TThe search for new medicines is often more like a game of roulette than high-level science. But now the pharmaceutical industry is on the cusp of a transformation as it delves into cutting-edge technology to devise new treatments for diseases like cancer, rheumatoid arthritis and Alzheimer’s.
Artificial intelligence (AI) is meant to improve industry success rates and accelerate drug discovery, which could save you billions of dollars. recent survey from analytics firm GlobalData has found. AI topped a list of technologies that are considered to have the biggest impact on the industry this year. Nearly 100 partnerships between artificial intelligence specialists and Big Pharma have been established for drug discovery since 2015.
AI uses automated algorithms – sets of instructions that computers follow – to perform tasks previously performed by humans. You can quickly sift through large data sets (from clinical studies and scientific literature) to spot hidden patterns and complete tasks in seconds that would normally take months. A study in the Lancet found that artificial intelligence software could identify breast cancers that doctors missed on mammograms.
In a process known as machine learning, artificial intelligence systems execute millions of possibilities, improving each time, until they can function acceptably. The result of that training is an algorithm.
“Drug discovery is being transformed through the use of AI, which is reducing the time it takes to extract the vast amount of scientific data to allow a better understanding of disease mechanisms and identify potential new drug candidates,” says Karen Taylor, director of the Center for Health Solutions for the accounting and consulting group Deloitte. “Traditional drug discovery has been very piecemeal, very unpredictable,” he adds.
Taylor says the rapid progress of Covid-19 vaccines and potential treatments has been aided by the use of AI techniques. “It allows you to cross-reference a large body of published literature with other data in seconds.”
Kitty Whitney, director of thematic research at GlobalData, says the Covid-19 crisis could be a “tipping point” for widespread adoption in the pharmaceutical industry.
About 90% of large pharmaceutical companies started artificial intelligence projects last year, according to the American research firm Trinity Life Sciences. AstraZeneca and GSK, Britain’s two largest pharmaceutical companies, pledged in November to five-year partnership with the University of Cambridge to fund the Cambridge Center for AI in Medicine. The 15-person team will develop artificial intelligence and machine learning technologies to enhance clinical trials, personalized medicine and drug discovery.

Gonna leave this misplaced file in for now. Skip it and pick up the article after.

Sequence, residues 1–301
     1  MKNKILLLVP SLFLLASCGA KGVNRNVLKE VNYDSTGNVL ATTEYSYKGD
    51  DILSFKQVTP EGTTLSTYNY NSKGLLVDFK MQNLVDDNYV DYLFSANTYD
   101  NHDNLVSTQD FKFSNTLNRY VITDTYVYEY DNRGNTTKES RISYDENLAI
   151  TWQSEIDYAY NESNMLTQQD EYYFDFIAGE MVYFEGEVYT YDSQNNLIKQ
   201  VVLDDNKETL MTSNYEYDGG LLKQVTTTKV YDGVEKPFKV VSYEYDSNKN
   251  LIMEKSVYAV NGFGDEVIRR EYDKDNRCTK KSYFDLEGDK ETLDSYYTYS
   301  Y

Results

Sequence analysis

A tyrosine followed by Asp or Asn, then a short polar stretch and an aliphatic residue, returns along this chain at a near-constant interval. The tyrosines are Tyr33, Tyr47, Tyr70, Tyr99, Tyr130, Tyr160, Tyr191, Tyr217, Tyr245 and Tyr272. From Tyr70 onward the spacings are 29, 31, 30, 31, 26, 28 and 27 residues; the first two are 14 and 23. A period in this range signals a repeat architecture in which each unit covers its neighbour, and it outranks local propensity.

GSK had previously opened a £ 10 million artificial intelligence research base at King’s Cross in central London, near Google’s DeepMind artificial intelligence lab. His global team of artificial intelligence experts has grown to 50 people, which he wants to double to 100.
Functional genomics, a new area of science that looks at why small changes in a person’s genetic makeup can increase disease risk, deals with large data sets. Each person has about 30,000 genes, which can be combined with others, explains Hal Barron, scientific director of GSK. “You start to realize that you are dealing with trillions and trillions of data points, even by experiment, and no human can interpret that, it is too complicated.”
Large pharmaceutical companies have been criticized for their slowness in embracing technological advances. Drug discovery has a woefully low success rate: out of 10 drugs in development, nine will typically fail; It takes 10 to 12 years on average, and comes at a high cost, of more than $ 2 billion, to take a drug through research and development and regulatory approval.
The discovery of conventional drugs has been compared to a “molecular casino” by Alex Zhavoronkov, an expert in the use of AI for the development of new drugs, who runs Hong Kong-based Insilico Medicine.
Barron of GSK acknowledges that the use of artificial intelligence technologies could at least double the success rate to 20%, saving billions of dollars spent on drug development. Others, like Zhavoronkov, hope the success rate can improve much more, potentially to 50%.
All the top 10 drug manufacturers in the world: Swiss firms Novartis and Roche; the US companies Pfizer, Johnson & Johnson, Merck, AbbVie and Bristol Myers Squibb; Sanofi from France; and AstraZeneca and GSK from the UK are now investing in AI, primarily through collaborations or by acquiring technologies.
Kim Branson, global director of AI and machine learning at GSK, says that AI is being used in the search for treatments for infectious diseases, as well as for diseases that are more difficult to solve, such as cancer, rheumatoid arthritis and autoimmune disorders. like Crohn’s disease. Alzheimer’s, “the most difficult of difficult targets,” is on GSK’s radar, but will be addressed at a later stage.
Zhavoronkov says the problem with Alzheimer’s and Parkinson’s disease brain disorder is that not enough data is available to study them, hence the large number of drug failures to date.
Zhavoronkov and Barron have expressed confidence that a breakthrough can be achieved in one of the most difficult diseases to investigate with AI technologies. Barron compares the potential of having a new microscope. “In the next year or two we could find a goal that can really make a difference.”
George is Digismak’s reported cum editor with 13 years of experience in Journalism